Fight for a Cause
Instead of focusing on the brand or on the product, instead of talking about ourselves, this tool suggests to create a cause which matters to people and to devise a mechanism through which people engage with the cause, not with the brand. Because people can very easily express sympathy, enthusiasm and emotions, in general, towards causes, at the end of the day the awareness gained by a cause reflects on the brand. So the brand enjoys the momentum created by the cause.
A good example is the GMP campaign "Why don’t you come over". Instead of focusing on the newspaper, they created a cause: inviting Brits to Romania. They engaged the Romanian consumers in supporting the cause by suggesting to them to offer their couches, their homes, to open their hearts and offer hospitality to the Brits.
The "Romanians are smart" campaign was not about ROM as a product, but about Romania - "let's change the image of Romania on the internet".
The idea is to look at the system and ask ourselves what can we sabotage or remove from that system in order to create a provocation that will, at the end of the day, make our message stand out. The system can be the product, the company, the medium (any medium: Facebook, television, outdoor, Twitter, website), the event, the place where the event takes place, the world of consumers (where our consumers are and what they do in relation to our product or our brand).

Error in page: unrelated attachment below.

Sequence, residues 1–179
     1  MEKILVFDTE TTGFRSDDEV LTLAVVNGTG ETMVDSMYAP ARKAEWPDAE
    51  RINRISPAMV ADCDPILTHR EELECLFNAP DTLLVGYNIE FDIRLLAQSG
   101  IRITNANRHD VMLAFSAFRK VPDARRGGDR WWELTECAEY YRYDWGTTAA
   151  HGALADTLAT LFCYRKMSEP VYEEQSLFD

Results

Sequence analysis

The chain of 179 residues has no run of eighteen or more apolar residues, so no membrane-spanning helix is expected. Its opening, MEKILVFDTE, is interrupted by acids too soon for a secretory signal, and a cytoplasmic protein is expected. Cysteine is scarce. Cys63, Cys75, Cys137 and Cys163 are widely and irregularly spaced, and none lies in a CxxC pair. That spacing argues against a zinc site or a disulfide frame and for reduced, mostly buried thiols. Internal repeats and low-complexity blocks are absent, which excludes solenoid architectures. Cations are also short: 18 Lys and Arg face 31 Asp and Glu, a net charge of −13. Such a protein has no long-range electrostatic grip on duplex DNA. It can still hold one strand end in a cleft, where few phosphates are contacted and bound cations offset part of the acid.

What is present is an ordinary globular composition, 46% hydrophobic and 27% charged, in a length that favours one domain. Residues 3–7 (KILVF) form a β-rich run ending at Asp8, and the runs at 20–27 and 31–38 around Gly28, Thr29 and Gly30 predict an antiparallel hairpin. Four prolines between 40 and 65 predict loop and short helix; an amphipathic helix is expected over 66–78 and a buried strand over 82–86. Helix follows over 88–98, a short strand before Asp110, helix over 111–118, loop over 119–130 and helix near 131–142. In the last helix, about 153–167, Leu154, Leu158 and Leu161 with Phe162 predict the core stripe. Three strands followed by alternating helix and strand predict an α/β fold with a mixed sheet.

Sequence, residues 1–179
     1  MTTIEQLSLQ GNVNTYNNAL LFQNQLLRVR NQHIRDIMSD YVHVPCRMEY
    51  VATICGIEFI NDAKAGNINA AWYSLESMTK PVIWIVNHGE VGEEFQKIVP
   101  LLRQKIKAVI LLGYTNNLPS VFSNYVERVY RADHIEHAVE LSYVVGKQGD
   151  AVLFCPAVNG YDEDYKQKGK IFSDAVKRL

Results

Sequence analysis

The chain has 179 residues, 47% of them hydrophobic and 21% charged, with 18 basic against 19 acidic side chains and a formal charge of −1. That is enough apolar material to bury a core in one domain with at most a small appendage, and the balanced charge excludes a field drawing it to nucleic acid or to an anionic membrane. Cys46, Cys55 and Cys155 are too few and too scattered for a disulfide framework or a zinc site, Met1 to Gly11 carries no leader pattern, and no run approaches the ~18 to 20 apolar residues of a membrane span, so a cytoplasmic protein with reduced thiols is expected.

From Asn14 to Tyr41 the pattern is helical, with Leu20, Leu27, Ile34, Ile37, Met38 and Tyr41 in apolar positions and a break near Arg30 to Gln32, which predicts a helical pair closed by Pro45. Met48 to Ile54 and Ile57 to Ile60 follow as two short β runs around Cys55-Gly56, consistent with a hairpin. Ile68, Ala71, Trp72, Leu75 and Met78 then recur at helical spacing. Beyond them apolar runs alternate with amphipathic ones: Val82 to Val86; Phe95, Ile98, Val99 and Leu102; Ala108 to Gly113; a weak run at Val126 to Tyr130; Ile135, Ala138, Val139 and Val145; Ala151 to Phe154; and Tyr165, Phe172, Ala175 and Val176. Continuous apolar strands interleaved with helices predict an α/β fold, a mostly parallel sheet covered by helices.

For example, for the "American ROM" campaign they sabotaged the packaging, they replaced the Romanian flag with the American one and thus created a big provocation, stirring the patriotic sentiment.
Have you heard the story of this Brazilian billionaire who said in public he would bury his new Bentley in the ground? An amazing campaign, created for an organ donation bank, through which they wanted to make Brazilians rethink their attitude towards donating their organs. This guy was about to destroy his brand new Bentley, he was sabotaging his own car and people thought it was the most stupid thing. So he was doing this radical thing, but at the last moment he said "No, I'm not going to destroy it, but you are burying things that are much more valuable than a car. You are burying organs that can save lives, you are burying your heart, your kidneys, your lungs".